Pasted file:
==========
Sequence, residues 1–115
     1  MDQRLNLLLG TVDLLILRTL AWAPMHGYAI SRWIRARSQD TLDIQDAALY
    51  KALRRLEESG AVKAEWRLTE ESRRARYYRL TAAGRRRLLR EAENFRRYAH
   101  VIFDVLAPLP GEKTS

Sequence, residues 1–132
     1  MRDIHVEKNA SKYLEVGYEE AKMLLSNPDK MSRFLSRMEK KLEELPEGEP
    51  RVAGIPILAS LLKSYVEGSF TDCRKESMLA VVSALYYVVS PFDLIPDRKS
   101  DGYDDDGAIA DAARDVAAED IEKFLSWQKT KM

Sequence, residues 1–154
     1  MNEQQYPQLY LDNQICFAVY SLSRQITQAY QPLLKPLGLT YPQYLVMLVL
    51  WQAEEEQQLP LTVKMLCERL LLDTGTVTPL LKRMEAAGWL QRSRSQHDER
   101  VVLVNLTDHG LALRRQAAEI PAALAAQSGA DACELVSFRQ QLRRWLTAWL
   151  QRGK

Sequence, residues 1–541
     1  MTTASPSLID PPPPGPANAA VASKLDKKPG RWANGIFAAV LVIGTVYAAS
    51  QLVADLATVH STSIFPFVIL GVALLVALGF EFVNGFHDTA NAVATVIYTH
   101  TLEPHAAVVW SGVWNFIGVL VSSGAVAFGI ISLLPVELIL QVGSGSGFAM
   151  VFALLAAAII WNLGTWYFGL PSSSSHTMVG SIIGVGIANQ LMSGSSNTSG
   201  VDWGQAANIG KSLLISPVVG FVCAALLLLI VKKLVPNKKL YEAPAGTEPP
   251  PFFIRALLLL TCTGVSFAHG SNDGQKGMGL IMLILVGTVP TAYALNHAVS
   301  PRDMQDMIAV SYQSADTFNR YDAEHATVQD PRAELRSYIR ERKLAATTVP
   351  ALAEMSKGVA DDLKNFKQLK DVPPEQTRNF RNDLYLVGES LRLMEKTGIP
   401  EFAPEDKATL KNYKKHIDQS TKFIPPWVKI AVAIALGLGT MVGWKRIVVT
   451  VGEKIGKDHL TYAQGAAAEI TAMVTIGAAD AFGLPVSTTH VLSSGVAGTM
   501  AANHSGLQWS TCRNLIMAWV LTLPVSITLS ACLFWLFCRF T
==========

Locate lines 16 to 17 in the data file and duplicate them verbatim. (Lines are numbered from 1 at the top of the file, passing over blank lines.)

    51  QLVADLATVH STSIFPFVIL GVALLVALGF EFVNGFHDTA NAVATVIYTH
   101  TLEPHAAVVW SGVWNFIGVL VSSGAVAFGI ISLLPVELIL QVGSGSGFAM